The HOE created in this fashion projects the image from multiple projectors to the appropriate viewing volumes, thus providing a correct perspective view for observers seated in each of the viewing volumes from the single screen. High gain is achieved in the view seen by each observer since the image from each projector is reprojected by the HOE to a very limited viewing volume.
A viewing screen is fabricated using a plurality of holograms. The first hologram is exposed using a first wavelength of coherent light generated by a laser or other appropriate source with an angular orientation to provide a first projection direction and an associated first viewing volume. The second and subsequent holograms are exposed using a different projection direction and associated viewing volume. The second and subsequent holograms can also be exposed using different wavelength coherent light sources; however, the same wavelength may be used when exposure geometries provide angularly distinct projection directions and viewing volumes. Superimposing the holograms created using this technique creates a viewing screen with multiple viewing volumes, each of which has high gain. In addition, the multiple holograms may be achieved on one single recording medium by exposing the single medium multiple times at multiple geometries.
A large screen of arbitrary shape may be created by combining multiple holographic optical elements each consisting of multiple superimposed holograms. Returning to the example of a training simulator, a semi-spherical screen may be created in this manner. Viewing volumes for two or more crew members seated at their appropriate duty stations provide a correct perspective for each crew member, presented from a separate projector for each crew member but viewed on a common screen, thereby increasing the realism of the training simulator.
Color projection from the screen may be achieved by superimposing additional holograms in each holographic optical element. The holograph element created for each projector direction and viewing volume is created by superimposing three separate holograms each exposed with a specific wavelength of coherent light in one of the primary color bands, red, green, or blue. Each holographic element with three color holograms provides a specific projection, direction and viewing volume. Superimposing the holographic elements then provides multiple color viewing volumes from separate projectors.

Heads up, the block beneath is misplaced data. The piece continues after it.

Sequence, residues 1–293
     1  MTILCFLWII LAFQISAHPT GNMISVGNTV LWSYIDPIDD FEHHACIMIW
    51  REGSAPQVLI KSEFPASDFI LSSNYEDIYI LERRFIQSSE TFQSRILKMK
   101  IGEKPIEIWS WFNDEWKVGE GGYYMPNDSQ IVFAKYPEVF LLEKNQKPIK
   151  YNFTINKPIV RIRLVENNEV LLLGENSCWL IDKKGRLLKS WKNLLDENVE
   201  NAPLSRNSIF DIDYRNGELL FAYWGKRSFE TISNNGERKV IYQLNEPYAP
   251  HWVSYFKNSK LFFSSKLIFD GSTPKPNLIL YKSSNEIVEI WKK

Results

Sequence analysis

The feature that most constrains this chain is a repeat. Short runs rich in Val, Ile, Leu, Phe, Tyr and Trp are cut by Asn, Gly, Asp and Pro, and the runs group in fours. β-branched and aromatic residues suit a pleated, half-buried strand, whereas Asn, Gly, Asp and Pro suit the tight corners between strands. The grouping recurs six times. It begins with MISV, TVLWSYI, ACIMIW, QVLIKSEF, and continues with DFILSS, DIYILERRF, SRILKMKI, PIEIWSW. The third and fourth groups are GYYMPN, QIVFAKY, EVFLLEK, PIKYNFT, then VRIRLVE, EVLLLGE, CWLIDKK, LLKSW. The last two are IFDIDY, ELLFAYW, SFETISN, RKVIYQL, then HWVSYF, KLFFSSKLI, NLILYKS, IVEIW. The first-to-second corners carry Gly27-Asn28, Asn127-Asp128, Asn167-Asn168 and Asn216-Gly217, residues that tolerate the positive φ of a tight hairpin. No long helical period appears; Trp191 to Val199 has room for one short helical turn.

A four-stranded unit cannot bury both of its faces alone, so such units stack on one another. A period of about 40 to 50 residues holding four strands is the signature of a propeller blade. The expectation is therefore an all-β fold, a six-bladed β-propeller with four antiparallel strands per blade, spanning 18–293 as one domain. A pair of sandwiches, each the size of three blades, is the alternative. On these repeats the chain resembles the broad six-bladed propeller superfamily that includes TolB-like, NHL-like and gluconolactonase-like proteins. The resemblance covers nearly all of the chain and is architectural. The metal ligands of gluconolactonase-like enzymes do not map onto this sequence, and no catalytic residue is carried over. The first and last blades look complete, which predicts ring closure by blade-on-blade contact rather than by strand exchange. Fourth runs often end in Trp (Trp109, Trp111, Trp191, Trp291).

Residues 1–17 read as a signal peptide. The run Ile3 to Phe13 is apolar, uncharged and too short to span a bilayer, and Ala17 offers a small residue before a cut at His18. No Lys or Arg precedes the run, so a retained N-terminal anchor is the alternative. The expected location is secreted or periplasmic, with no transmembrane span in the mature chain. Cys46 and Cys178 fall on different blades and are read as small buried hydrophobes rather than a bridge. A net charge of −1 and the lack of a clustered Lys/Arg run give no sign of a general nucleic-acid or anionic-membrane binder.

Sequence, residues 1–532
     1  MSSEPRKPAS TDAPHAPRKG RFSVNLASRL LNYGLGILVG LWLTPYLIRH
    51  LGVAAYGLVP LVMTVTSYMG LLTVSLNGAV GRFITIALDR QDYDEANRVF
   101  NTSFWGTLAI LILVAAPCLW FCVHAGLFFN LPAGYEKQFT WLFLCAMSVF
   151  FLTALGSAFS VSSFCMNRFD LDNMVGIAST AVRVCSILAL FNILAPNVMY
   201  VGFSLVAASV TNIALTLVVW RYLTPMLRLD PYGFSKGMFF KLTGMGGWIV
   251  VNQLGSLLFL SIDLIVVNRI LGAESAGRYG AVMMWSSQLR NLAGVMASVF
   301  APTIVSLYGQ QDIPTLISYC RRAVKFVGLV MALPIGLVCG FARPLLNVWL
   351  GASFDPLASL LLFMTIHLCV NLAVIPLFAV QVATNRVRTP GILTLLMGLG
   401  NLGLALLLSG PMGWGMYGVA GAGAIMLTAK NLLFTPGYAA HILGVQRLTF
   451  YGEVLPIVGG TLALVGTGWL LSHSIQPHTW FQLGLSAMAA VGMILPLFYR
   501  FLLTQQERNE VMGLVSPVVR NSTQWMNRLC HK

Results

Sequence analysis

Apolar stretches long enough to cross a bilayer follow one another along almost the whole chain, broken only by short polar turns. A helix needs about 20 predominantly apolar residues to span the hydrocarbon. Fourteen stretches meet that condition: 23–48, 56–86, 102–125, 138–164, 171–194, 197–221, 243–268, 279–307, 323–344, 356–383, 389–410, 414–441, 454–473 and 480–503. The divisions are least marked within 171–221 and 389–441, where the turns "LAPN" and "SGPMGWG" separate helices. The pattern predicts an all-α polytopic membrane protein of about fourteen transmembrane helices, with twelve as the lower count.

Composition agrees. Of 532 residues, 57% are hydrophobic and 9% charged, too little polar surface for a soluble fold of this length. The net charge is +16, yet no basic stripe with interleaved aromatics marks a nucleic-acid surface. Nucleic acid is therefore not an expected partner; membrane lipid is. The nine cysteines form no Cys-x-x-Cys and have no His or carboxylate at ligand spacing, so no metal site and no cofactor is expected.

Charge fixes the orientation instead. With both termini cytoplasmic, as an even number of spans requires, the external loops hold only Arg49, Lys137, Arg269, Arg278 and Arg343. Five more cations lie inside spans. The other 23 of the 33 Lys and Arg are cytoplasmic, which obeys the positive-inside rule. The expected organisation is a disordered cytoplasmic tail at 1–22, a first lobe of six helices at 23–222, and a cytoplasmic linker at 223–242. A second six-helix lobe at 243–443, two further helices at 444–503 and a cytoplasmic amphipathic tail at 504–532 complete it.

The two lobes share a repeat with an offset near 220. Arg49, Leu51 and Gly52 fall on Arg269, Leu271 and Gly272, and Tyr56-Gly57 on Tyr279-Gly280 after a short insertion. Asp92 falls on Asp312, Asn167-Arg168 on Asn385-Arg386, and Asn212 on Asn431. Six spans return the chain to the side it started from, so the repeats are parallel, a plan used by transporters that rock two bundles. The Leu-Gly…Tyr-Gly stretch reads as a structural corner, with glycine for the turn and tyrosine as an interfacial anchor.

FIG. 1 provides a schematic representation of an embodiment of the invention using two superimposed holographic optical elements to provide two viewing volumes from two projectors;
FIG. 2a provides a schematic representation of a prior art retroreflective high gain screen;
FIG. 2b provides a schematic representation of a prior art high gain screen with an expanded viewing volume from a single hologram; and
FIG. 3 is a schematic representation of the optical bench setup for exposing the holograms used in the invention.
Referring now to the drawings, FIG. 1 provides a depiction of the invention as used for a training simulator where two crew members require two separate perspective views. A projection screen is created by one or more holographic optical elements 10. A first holographic element 12 which is responsive to a first wavelength of light provides a high gain image to a first viewing volume V1. A second holographic element 14 which is responsive to a second wavelength of light provides images to a second viewing volume V2. A first projector P1 located in a projection direction with respect to the holographic element 10 represented by the first projection angle αl projects an image to the first holographic element 12. The image from projector P1 is reflected from holographic element 12 to the first viewing volume V1 which is located relative to the holographic optical element 10 by the first viewing angle β1. Light rays from the first projector A and B are transmitted to the viewing volume as high gain light represented by rays a, a', b, and b'. A second projector P2 located at a second projection angle α2 with respect to the holographic optical element 10 provides an image to a second holographic element 14. This second image is reflected to the viewing volume V2 which is located at a second viewing angle β2 with respect to the holographic optical element 10. Light rays of the second image C and D emanating from the second projector P2 are reflected as high gain light rays c, c', d, and d' to viewing volume V2 from the second holographic element 14.